By Deepta Bolaky
Geopolitics remain at the forefront with Brexit, US-China trade updates, Canadian elections, EU tariffs, protests in Hong-Kong and Catalonia and tensions in the Middle East. Risk appetite will remain fragile as growth concerns were revived following China’s GDP figures on Friday.
The Super Saturday saw the UK Parliament rejecting the withdrawal deal and forcing Prime Minister, Boris Johnson to seek a delay to Brexit to comply with the Benn Act. A defiant British government sent three letters to the EU, one of which was unsigned by the Prime Minister who insists that the UK would leave the European Union on October 31.
Market participants will mull the response from the EU. This week will be another week dominated by Brexit-related headlines as investors wait for the EU’s agreement to postpone Brexit.
What’s Next for Brexit?
Monday will see a meaningful vote in the Commons which gives room to the following scenarios:
As of writing, news that the Labour Party would seek the backing of rebel Tories and the DUP to force the Prime Minister who has a minority government to make amendments that could result into a softer Brexit or dropping the deal are overshadowing the hopes of the new Brexit plan winning a clear majority.
Market participants will have no other choices than to wait for further developments and see if there is enough support for a customs union amendment and a second referendum to gauge the path for Brexit ahead of the deadline.
Last week’s impressive rally in the British Pound eased due to the uncertainties, but the local currency is still buying at around 1.2895 US dollar.
Europe will in the spotlight for reasons other than Brexit. The European Central Bank will meet on Thursday. President Mario Draghi has doubled down on its negative rate policy in his last meeting and has re-started the controversial quantitative easing of bond-buying.
Quantitative easing and negative rate policy are those unconventional policy measures that are widely being considered again as the global economic outlook has deteriorated and the financial stability environment remains challenging.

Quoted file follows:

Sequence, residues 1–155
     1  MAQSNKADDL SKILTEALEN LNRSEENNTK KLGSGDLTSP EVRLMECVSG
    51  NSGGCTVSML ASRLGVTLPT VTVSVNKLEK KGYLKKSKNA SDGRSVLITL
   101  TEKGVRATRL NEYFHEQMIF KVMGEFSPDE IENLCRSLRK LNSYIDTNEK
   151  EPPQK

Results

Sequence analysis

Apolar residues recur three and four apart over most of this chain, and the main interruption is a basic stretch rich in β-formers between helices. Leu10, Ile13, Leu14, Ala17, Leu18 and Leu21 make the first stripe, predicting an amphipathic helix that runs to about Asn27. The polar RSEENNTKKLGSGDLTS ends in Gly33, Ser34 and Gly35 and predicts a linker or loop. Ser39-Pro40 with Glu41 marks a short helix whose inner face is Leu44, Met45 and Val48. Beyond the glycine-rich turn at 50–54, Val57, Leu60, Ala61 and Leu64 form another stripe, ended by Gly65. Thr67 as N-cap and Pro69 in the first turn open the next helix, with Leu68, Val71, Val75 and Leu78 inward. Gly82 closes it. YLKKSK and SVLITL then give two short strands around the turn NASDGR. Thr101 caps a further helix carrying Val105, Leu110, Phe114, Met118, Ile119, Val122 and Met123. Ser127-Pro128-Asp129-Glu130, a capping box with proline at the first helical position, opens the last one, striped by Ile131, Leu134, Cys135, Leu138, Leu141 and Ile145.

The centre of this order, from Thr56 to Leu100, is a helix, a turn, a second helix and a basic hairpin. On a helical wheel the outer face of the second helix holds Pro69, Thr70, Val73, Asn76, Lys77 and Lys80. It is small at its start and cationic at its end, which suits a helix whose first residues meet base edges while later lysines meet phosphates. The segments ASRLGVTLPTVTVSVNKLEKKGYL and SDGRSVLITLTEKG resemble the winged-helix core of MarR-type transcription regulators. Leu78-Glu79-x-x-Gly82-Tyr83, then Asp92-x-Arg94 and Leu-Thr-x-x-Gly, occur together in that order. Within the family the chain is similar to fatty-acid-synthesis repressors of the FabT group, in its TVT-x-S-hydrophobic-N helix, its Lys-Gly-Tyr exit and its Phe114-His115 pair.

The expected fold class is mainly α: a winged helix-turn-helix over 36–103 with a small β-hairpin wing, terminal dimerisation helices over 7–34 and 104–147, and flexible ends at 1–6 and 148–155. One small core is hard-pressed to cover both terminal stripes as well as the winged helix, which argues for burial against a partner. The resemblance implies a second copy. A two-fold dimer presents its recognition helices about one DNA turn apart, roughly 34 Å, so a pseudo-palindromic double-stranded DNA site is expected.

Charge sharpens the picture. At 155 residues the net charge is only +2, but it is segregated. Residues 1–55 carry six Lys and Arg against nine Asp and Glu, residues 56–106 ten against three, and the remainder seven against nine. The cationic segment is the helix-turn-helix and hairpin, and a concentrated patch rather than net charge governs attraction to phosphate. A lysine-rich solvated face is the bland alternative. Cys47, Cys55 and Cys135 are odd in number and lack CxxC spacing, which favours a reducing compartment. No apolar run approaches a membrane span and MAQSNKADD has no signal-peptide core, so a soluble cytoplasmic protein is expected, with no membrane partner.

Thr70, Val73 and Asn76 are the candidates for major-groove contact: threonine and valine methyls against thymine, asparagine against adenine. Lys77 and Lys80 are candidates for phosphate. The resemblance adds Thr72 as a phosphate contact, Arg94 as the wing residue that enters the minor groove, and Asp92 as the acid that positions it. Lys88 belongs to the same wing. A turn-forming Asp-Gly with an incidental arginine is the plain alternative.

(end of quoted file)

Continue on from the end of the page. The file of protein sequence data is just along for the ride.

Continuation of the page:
Before Christine Lagarde takes over on November 1, we expect his last meeting to defend his recent move. Ahead of the meeting, the preliminary figures on the activity on factories and services providers will be released which will help traders to assess the signs of a further slowdown.
Also, tariffs would also gather some attention. The round of tariffs on $7.5billion in European goods took effect on Friday after the WTO ruled against the European Union. The EU pledged to retaliate in a tit-for-tat tariff which will probably be applied after the WTO fixes the damage sum next year. However, investors will likely monitor if there are attempts of negotiations to address the issue on both sides or signs that involved parties is willing to negotiate to avoid causing economic harm.
While many are focused on Brexit, traders will also keep an eye on the election in Canada as it will be challenging for either one of the major parties to win a full majority. There are high chances that the Liberal Party and the Conservative will have to rely on small parties.
Published on: Bloomberg
As both the Liberal Party and the Conservative are in a tight race, the New Democratic Party are on the rise in a late surge in popularity. The scandal that played against Prime Minister Justin Trudeau has seen him losing voters to Jagmeet Singh.
A clear win for the current Prime Minister may come if voters are able to overcome the recent scandals as past missteps where he was younger. The recent support from Barack Obama may help the Canadian leader to win back some voters.
As far as the Canadian dollar is concerned, we expect the election to bring some short-term volatility. The economy is faring well and recent economic data has been positive enough to reduce the likelihood that the Bank of Canada will cut interest rates. The Canadian dollar has rallied recently back by its economic performance. The USDCAD is currently stable in a tight range at 1.31 and we expect political risks and a probable fragmented government to bring some volatility.
If Justin Trudeau wins, the local currency could bolster higher.
|Tuesday, 22 October 2019
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